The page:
Such a formidable list of requirements is a clear sign that we are developing serious code and not just some colourful buttons. As serious developers, we’ll apply our best coding practices. We’ll apply TDD to writing QML GUI code.

Qt provides Qt Quick Test unit-testing QML code. Unfortunately, it’s poorly documented. The example test checks that 2 + 2 equals 4. We don’t learn how to write the CMakeLists.txt files for QML tests, how to make mouse clicks work in tests, or how to access the digit buttons used in the keypad. My post will explain this and how to test-drive the implementation of the keypad.

The source code for this post is available in the directory examples/qml-keypad of the Github repository tdd-training-add-ons.

Setting Up a QML Test Case

The project qml-keypad is set up like a real-life QML application. The main QML application is in the directory main. The main QML file imports our custom controls from the QML module EmUse.Controls. It also instantiates the Keypad, which is the QML component under test. The QML module with the custom controls can be found in imports/src/EmUse/Controls/. The tests for the custom controls are located in subdirectories of imports/tests. The test for the keypad, for example, is in imports/tests/keypad.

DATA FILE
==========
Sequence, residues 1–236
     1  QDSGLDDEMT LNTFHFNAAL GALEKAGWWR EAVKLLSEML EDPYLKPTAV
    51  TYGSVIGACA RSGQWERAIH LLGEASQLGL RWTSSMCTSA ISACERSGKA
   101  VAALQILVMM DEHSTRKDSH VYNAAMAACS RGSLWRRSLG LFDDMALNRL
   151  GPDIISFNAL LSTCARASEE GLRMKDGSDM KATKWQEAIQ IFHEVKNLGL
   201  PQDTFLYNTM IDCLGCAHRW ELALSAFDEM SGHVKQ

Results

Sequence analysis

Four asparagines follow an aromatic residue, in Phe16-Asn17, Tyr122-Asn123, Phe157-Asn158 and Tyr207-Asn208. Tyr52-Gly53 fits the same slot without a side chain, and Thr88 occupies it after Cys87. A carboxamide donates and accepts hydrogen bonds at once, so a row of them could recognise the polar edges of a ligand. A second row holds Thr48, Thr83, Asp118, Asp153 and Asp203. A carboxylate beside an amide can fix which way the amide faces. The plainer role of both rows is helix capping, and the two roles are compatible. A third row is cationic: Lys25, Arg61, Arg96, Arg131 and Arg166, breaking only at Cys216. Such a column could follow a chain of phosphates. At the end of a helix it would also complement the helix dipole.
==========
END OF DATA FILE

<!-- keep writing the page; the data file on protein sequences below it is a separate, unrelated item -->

# Directory layout of project qml-keypad

main/
    main.cpp
    main.qml
imports/
    src/EmUse/Controls/
        Keypad.qml
    tests/keypad/
        tst_keypad.cpp
        tst_keypad.qml

The CMakeLists.txt of the QML module EmUse.Controls and its tests rely heavily on qt_add_qml_module, which was introduced in Qt 6.2. Let us look at the CMakeLists.txt file of the QML module first.

# File: imports/src/EmUse/Controls/CMakeLists.txt

qt_add_qml_module(${PROJECT_NAME}
    URI EmUse.Controls
    VERSION 0.1
    RESOURCE_PREFIX /imports
    QML_FILES Keypad.qml
)

add_library(EmUse::Controls ALIAS ${PROJECT_NAME})

The command qt_add_qml_module stores the file Keypad.qml at the path qrc:/imports/EmUse/Controls/Keypad.qml in the Qt resource file system. The resource path is the concatenation of the RESOURCE_PREFIX and of the URI, where dots are replaced by slashes. Among other things, the command creates the qrc, qmltypes and qmldir files and compiles the QML files into C++ files.

The build produces two shared libraries for the QML module: the backing library libEmUseControls.so and the plugin library libEmUseControlsplugin.so. When the QML engine sees the statement import EmUse.Controls, it loads the plugin library, which in turn loads the backing library. We make these libraries known to the build under the alias EmUse::Controls.